This paper is about Cytochrome C Oxidase (COX), not about Cytochrome C. I don't know that it makes any difference in terms of the current discussion but I thought it was a neccessary distinction to make.
This message has been edited by Wounded King, 03-23-2005 05:31 AM
I was under the impression that the various versions of Cytochrome C were used as evidence of common descent. That they display a kind of nested heirarchy.
I think this is an important point - the reason Cytochrome C is commonly used to examine common descent doesn't really have anything to do with whether or not genetic change is exclusively the result of neutral drift.
The reason Cytochrome C is used is because it is required for life in all prokaryotes and eukaryotes, and is simply available for comparison. That is, most other genes would simply not exist in a portion of the "Tree of Life", and thus would make analysis of the Tree of Life incomplete.
Also, Cytochrome C is not the only gene used to examine common descent; other genetic data is used.
If there is no evidence that Cytochrome C does in fact undergo neutral drift within species then this may question whether it ever really neutrally drifts at all, and hence whether it can be used as evidence for common descent.
Perhaps more importantly, the examination of common descent does not require solely neutral mutations. In fact, researchers have little way of knowing if mutations are detrimental, beneficial, or neutral - unless they perform extensive functional studies, and these are not done for most such common descent studies.
In any case, the existence of a detrimental or beneficial mutation in two related species is just as much evidence for common descent as a neutral mutation. An oft-cited example is the "GLO" gene, which is mutated to non-functionality in four known species - fruit bats, guinea pigs, chimps, and humans. Humans and chimps have an identical detrimental mutation in the GLO gene, which is a different mutation than the one in the GLO gene of the fruit bats and the guinea pigs. This is evidence for humans and chimps being more closely related than to other species without that specific mutation. Thus a non-neutral mutation also can demonstrate common descent.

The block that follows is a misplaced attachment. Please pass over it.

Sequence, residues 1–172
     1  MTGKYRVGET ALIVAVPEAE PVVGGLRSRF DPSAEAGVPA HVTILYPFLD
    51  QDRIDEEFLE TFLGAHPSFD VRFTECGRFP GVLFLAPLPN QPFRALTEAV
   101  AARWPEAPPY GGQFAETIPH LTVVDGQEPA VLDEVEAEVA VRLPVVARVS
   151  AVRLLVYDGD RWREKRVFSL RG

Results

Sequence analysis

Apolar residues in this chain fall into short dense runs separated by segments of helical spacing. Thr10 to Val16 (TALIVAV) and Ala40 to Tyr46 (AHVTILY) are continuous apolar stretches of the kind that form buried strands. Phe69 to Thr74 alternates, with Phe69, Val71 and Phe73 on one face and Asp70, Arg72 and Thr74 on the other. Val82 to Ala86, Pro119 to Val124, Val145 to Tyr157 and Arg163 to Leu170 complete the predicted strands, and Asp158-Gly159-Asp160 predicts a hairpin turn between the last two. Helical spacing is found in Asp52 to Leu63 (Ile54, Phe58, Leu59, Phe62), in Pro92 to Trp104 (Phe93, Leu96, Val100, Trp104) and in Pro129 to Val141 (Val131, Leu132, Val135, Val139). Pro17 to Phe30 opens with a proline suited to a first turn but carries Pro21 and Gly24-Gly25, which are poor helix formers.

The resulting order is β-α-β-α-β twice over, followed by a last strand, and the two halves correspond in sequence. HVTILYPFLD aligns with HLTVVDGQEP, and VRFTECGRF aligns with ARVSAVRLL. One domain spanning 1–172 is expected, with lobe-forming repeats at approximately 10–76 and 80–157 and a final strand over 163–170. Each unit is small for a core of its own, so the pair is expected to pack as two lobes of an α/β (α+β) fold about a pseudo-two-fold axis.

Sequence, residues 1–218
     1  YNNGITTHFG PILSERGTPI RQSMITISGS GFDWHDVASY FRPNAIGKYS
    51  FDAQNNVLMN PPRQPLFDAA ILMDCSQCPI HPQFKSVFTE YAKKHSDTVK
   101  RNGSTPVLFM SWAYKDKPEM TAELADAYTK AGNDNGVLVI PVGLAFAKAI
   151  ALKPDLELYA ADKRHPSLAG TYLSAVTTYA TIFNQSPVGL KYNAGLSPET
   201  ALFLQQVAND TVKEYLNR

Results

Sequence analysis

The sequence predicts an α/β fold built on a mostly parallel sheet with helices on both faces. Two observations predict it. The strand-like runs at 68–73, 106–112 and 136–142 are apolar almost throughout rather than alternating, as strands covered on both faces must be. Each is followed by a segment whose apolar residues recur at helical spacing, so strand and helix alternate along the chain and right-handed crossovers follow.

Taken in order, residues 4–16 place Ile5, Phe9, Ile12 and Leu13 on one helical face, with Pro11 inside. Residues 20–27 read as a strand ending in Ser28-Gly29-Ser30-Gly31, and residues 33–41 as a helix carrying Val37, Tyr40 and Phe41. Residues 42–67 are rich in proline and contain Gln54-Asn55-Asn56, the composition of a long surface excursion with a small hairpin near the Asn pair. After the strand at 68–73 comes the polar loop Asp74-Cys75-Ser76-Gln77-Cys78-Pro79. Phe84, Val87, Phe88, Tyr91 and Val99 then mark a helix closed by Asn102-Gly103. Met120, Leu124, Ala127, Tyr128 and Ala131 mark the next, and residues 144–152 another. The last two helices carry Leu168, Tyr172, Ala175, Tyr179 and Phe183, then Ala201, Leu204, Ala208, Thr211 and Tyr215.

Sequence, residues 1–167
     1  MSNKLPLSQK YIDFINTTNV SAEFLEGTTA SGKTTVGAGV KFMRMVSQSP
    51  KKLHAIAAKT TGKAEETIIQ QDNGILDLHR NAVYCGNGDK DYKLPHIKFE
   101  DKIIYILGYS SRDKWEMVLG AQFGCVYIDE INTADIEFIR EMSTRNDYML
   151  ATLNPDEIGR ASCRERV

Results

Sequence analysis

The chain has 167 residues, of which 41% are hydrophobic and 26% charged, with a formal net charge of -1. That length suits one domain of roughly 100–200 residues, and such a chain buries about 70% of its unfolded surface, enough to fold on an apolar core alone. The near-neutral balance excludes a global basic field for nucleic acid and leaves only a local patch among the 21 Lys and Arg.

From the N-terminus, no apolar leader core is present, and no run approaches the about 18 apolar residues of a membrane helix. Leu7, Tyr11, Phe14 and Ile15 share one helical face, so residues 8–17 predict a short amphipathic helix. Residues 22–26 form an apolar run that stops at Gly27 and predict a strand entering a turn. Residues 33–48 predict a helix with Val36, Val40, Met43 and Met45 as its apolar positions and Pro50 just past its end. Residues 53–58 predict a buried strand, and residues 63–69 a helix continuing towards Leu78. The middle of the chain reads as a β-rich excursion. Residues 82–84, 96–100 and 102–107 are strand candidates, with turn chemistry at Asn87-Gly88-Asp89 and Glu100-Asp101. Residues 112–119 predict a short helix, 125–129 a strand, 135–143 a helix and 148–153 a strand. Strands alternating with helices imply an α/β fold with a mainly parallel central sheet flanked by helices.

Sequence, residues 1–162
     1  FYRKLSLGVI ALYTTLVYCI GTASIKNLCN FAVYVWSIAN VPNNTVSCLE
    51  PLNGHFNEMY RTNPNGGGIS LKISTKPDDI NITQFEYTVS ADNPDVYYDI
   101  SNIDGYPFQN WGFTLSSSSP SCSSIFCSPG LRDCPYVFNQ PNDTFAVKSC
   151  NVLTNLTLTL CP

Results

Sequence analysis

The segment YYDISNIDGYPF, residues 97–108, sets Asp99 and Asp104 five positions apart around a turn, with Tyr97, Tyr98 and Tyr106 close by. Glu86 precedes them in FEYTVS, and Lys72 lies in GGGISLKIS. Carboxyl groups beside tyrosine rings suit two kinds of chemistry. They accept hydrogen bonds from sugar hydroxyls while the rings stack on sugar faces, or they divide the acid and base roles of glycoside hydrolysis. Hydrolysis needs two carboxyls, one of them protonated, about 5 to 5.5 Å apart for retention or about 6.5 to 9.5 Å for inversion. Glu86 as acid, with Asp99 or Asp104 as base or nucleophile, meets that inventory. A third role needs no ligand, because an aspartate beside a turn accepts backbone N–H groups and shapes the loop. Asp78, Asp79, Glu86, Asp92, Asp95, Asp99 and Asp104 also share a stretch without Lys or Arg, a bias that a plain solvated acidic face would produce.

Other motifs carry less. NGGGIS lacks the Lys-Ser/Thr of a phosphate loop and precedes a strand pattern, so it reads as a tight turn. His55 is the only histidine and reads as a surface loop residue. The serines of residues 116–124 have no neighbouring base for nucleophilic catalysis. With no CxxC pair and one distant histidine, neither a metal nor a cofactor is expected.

Perhaps you are confusing the idea of determining the "molecular clock" with that of determing common descent. The molecular clock method does use assumed neutral mutations to determine when two species diverged from a common ancestor (but not whether or not they did so...)
Hopefully this is helpful, let me know if you have questions.
quote:The fact that a protein like cytochrome c differs between non-related species, but is the same within one species, shows that the non-related species do not have a common ancestry. The point of the different versions of cytochrome c is that they all do the same thing: transport electrons. Natural selection can thus never choose one version over another, because they all do exactly the same thing. A term has also been thought up for that: neutral drift. But it is then strange that different versions of cytochrome c are not also found within the same species (such as perhaps the sharks, which have not changed in millions of years)! It could be called extraordinarily coincidental, if not to say miraculous, that these neutral changes always and only take place around the diverging of two species. What does that indicate? Either the non-related species have no common ancestry and each species received their own variant of cytochrome c, which then theoretically (or by genetic manipulation) could change. Or cytochrome c, in combination with the protein with which it reacts, does not permit any mutations, which means that the non-related species do not have a common ancestry. (This was concluded earlier, but now we see it confirmed in practice.)